|The YHS Walk for the Animals |
event drew about 500 attendees Saturday.
The Walk for the Animals kicked off the Yavapai Humane Society's 40th anniversary. Anniversaries are times to reflect on the past and plan for the future. That is exactly what we intend to do at our 2012 annual meeting. The YHS annual meeting is scheduled for Saturday, May 5, in Prescott. Everyone is invited. Come learn more about your Yavapai Humane Society.
When it comes to looking back, the Daily Courier archives is a treasure trove. The need for a humane society was first documented in 1935 when it was reported our community was "facing unfavorable publicity of the worst kind."
A national officer from the American Society for the Prevention of Cruelty to Animals (ASPCA) was visiting the Smoki public museum. Somebody drove by and in her presence tossed a litter of neonate kittens on the road. The callous incident so incensed the officer that she threaten to "blast Prescott as the most inhumane city she ever visited" in their national publication. There is no record she ever followed through on that threat.
Nonetheless, that episode may have served as a catalyst for "gathering momentum to form some sort of humane society" according to the Courier, which demanded an organization be formed to "to put a stop to numerous acts of cruelty to animals in Prescott."
Despite the gathering momentum, it wasn't until March 20, 1972, that the Yavapai Humane Society submitted its articles of incorporation; and not until Aug. 1, 1977, that the shelter doors finally opened. The grand opening, officiated by Mayor Larry Caldwell, was on Sept. 2, 1977.
From the "most inhumane city" in the United States to possibly the most progressive and innovative community in the state of Arizona, if not the entire Southwest, it has been quite a journey.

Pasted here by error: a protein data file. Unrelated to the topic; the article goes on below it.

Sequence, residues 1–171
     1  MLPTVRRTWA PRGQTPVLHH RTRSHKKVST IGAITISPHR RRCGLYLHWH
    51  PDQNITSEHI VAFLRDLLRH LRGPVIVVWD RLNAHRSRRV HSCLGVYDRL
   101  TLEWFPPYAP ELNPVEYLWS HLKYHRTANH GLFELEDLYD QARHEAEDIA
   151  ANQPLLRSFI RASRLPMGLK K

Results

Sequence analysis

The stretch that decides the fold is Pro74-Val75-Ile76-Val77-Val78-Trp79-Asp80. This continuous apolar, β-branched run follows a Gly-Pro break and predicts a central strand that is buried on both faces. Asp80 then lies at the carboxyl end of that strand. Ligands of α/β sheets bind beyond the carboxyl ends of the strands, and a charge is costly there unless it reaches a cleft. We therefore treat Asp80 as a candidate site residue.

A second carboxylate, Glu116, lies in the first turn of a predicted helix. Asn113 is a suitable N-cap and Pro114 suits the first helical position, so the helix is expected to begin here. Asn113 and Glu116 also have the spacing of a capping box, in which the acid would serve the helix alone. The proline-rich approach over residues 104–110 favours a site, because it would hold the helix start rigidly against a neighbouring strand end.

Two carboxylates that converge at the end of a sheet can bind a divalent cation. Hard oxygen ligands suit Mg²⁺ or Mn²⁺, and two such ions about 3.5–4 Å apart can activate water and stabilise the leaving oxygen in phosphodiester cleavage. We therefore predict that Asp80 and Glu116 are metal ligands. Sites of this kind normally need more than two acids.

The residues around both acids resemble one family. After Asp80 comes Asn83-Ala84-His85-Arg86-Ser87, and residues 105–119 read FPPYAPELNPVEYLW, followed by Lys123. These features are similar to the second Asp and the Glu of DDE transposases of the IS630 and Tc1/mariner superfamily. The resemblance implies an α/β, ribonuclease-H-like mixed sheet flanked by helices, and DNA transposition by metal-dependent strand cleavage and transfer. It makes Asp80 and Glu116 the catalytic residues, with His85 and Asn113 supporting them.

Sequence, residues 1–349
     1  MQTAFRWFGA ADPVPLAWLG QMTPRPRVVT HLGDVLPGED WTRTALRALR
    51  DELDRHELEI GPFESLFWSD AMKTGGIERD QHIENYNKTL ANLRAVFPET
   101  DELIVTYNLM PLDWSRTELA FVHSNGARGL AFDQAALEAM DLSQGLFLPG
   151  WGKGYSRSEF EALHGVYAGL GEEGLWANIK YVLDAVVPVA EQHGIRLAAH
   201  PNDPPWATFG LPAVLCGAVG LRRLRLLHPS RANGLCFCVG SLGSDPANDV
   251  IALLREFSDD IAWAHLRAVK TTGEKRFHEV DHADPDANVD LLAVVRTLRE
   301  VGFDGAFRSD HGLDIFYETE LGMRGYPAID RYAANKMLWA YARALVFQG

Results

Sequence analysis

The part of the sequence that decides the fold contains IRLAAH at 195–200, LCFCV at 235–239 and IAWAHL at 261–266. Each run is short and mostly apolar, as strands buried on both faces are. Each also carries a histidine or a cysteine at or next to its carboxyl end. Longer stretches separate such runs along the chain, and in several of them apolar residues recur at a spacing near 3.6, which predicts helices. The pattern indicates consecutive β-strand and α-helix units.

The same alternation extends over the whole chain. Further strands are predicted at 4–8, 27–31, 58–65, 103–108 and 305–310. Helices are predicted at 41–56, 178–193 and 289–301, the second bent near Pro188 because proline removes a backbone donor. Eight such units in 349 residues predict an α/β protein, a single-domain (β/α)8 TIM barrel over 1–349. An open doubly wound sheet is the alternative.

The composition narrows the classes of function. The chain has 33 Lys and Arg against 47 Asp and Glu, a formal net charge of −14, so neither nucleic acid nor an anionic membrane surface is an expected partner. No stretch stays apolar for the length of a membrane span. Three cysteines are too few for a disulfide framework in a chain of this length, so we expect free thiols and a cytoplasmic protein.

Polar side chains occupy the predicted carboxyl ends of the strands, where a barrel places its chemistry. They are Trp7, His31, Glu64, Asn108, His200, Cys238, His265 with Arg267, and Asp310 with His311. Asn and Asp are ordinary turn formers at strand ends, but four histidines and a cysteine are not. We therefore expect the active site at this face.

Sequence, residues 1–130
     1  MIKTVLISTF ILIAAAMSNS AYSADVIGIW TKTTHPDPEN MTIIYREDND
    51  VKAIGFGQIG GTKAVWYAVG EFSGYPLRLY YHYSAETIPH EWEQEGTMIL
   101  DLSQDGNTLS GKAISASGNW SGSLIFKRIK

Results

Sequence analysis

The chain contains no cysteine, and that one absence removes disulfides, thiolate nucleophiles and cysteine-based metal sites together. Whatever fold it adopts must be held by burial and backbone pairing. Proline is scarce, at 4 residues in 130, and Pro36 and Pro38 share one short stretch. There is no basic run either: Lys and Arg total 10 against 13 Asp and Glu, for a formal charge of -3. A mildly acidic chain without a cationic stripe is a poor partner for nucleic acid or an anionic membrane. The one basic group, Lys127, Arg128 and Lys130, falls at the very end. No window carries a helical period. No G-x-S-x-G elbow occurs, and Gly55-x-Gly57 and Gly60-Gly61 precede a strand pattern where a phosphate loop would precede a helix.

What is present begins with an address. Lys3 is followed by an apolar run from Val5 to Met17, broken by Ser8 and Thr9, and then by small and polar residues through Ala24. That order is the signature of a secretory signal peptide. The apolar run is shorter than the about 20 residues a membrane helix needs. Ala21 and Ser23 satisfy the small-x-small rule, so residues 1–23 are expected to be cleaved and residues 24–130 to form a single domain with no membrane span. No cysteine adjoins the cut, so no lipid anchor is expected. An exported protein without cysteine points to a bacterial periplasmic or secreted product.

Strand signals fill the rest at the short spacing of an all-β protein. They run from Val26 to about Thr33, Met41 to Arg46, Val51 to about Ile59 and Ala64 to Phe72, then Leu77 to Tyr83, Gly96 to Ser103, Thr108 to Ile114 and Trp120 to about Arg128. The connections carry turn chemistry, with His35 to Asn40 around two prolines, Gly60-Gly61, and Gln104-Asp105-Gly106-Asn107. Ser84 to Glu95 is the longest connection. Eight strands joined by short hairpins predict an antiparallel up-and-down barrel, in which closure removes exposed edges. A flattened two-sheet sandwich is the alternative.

YHS completed 2011 with a 90 percent live release rate and maintained a 96 percent live release rate for the first three months of 2012. With the help of our board, employees, volunteers, sponsors and partners, YHS has virtually eliminated euthanasia as a means of pet overpopulation control in our community. In fact, according to national shelter statistics, western Yavapai County is now considered the safest community for pets in all Arizona, and possibly in the entire Mountain Region, which includes Arizona, Colorado, New Mexico, Nevada and Utah.
From a community where "scores of persons took unwanted kittens and pups out on the highway to toss them out to die of injuries or to starve to death" (according to a 1935 Courier article) to a society where every animal is valued, and where the same criteria that a loving pet guardian or conscientious veterinarian applies to an owned pet is applied to homeless pets, is a remarkable transformation. A transformation we should all be proud of! Thank you all for making this happen.
Attend our annual meeting to learn how YHS is better positioned today to effectively promote and protect the health, safety and welfare of lost and homeless pets than ever before; and how you can help. The YHS annual meeting is 10 a.m. on Saturday, May 5, at the Yavapai Title Company, 1235 East Gurley St., Prescott.
Ed Boks is the executive director of the Yavapai Humane Society. He can be reached at firstname.lastname@example.org or by calling 445-2666, ext. 21.